The Checkered Eye Project

Steph McCoy’s Introduction: “You don’t look blind…” is a comment many of us who have the hidden disability of low vision hear. The physical aspect of no longer being able to see is only one of many issues to deal with. A decline of self-confidence, navigating the stages of grief along with learning to adapt to a new way of life after vision loss can take its toll. One of the tools that helped me through this challenging process was a discreet self-identification pin that afforded me the opportunity, if I so choose, to share my low vision. When I contacted Libby Thaw, Founder of the Checkered Eye Project (CEP) back in 2009 after being diagnosed legally blind it was a lifeline. Finally I had the courage to embrace my disability and advocate on building low vision awareness at the same time. Since that December day in 2009 Libby and I have become good friends and she continues to be one of those role models I greatly admire. Enjoy Libby’s guest blog and learn about her project.

Contributed by guest blogger Libby Thaw

Self-Conscious About My Vision Loss

Libby Thaw
Libby Thaw

As a teen with low vision I told my mother I wanted a t-shirt that read, “I‘m not stuck up, I’m blind!” I was self-conscious because nobody knew my sight was failing and I didn’t want to seem like a snob when I’d walk past people I knew without saying hi. I have a condition called Stargardt’s disease; it started affecting my sight when I was 12 and by the age of 18 I was legally blind. I could function quite “normally” but there were many life situations that were a challenge.

When as a young adult in Canada, I moved from a small town to a city, I had some close calls in traffic and was advised to use a white identification cane (ID cane) (a term used in Britain and Canada) so that people would know I was legally blind.

White Cane as a Symbol

Many people are unaware that long before we had the mobility techniques that employ the cane as a tool, a white cane was just a symbol. In 1930s Paris, Guilly D’Herbement noticed blind people struggling in traffic. She thought the white sticks being used to direct drivers would be well used by blind people to increase their safety. She launched an awareness campaign which was taken up by the Rotary Club in the United Kingdom and proliferated in the United States by Lions Clubs. So the original purpose of the white cane was as a traffic safety beacon. Today, the white cane has many more uses such as for safe mobility, identification, prevention of falls, and as a tool for verifying the environment.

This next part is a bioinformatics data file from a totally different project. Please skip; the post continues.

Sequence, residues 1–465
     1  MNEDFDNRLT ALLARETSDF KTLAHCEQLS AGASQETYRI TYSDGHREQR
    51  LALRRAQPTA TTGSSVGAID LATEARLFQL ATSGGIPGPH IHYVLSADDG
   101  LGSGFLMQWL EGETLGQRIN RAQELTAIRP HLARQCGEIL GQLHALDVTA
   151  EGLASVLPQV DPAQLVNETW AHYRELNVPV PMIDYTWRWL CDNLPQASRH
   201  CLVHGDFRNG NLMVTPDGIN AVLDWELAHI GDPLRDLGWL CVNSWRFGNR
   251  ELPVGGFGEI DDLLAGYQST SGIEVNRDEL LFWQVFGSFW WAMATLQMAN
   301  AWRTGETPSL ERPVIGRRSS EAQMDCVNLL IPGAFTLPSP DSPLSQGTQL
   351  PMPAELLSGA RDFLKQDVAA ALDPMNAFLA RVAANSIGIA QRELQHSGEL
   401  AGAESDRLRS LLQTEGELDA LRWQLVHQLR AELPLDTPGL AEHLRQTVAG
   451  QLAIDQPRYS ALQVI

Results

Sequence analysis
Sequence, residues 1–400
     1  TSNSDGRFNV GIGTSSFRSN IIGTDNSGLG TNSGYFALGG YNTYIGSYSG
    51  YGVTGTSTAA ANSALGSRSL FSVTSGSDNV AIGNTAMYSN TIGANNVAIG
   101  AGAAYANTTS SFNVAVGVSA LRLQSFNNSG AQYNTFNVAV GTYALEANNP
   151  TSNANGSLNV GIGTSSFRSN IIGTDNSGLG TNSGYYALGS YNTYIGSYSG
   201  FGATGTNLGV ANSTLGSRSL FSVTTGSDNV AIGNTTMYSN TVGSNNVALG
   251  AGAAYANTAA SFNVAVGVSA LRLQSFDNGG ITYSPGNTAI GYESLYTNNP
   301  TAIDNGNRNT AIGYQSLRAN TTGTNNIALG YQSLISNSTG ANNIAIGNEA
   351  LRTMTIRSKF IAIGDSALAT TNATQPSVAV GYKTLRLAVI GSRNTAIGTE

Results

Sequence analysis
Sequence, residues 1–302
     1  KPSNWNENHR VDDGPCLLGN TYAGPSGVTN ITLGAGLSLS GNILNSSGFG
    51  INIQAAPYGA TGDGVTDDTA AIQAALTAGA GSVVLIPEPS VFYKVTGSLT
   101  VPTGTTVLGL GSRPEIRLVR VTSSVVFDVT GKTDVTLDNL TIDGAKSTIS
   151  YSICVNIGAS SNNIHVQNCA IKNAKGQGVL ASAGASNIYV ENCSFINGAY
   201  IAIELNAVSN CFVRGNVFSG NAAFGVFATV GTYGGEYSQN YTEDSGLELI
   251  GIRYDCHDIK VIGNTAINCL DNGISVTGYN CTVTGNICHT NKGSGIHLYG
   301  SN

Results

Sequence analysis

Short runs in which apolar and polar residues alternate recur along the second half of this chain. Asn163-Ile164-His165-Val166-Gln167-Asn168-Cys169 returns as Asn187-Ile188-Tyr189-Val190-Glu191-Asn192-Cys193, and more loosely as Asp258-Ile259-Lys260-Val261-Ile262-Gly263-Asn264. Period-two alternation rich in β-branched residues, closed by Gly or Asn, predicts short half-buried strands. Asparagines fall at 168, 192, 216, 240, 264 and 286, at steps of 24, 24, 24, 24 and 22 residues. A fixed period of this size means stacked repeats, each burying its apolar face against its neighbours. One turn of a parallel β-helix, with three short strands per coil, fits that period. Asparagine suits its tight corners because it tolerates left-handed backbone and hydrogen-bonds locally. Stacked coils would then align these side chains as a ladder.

Conveying Low Vision To the Public

The ID cane helped my safety while walking and in traffic, enabling me to take fewer risks trying to save my vanity. I quickly learned that the cane was also useful when I needed help, other than crossing the street. At the same time, it presented a bit of a problem for me because I felt self-conscious about people noticing that I was able to see quite a bit; I wondered, should I act blinder than I am when I carry the ID cane? That didn’t feel right either!

What the ID cane did not convey was the fact that, while legally blind, I still have some vision. In the fall of 2000 I found I had a bit of time on my hands as my youngest child had started full time school. One day I attended an open house held by a charitable national service agency for blind people in Canada and got into a chat with people I met there. We started swapping stories about situations when the lack of eyesight hadn’t been the problem but rather the fact that whomever we were dealing with was unaware that we had low vision. One of the staff mentioned that clients had been asking for a badge that would let folks know they couldn’t see well. We all agreed that it was a “great idea,” but there was no such thing.

Since I had some free time I went home and designed a wearable symbol and called it the “Checkered Eye.” The “Checkered Eye” uses a white background with the words “Low Vision” in black. Between the words is a stylized eye with the iris depicted as a black and white checkered pattern; simple but effective. I sent a letter to the service agency confident the problem was solved.

Perhaps you can imagine how disappointed I was to hear that they would not pursue this idea.

The Checkered Eye: Another Identification Tool

At this point I consulted with many people. I discovered that some people with low vision weren’t interested in a wearable symbol, and that many were. Most were thrilled with the discreet option of a pin on their shirt or jacket. I personally noticed that sometimes my cane is hidden behind a check-out counter and so a symbol near my face would help in scenarios like that. I also found that people in hospitality, retail, health care and any service type job, were happy to know when customers might need specific care and thought the wearable symbol was a good idea too.

Logo for White Cane Checkered Eyes-Symbols

So I decided to go ahead on my own. After 14 years of grass roots efforts, mostly by people with low vision, the “Checkered Eye” is now in use in Canada, the US, New Zealand and Switzerland. You may want to read more information about its intended use.

It’s clear that these symbols have their merits and meet existing needs and their usefulness can be cemented by clear understanding. Remember this about our symbols: for safety, the white cane; for low vision sensitivity, the “Checkered Eye”. Pass it on!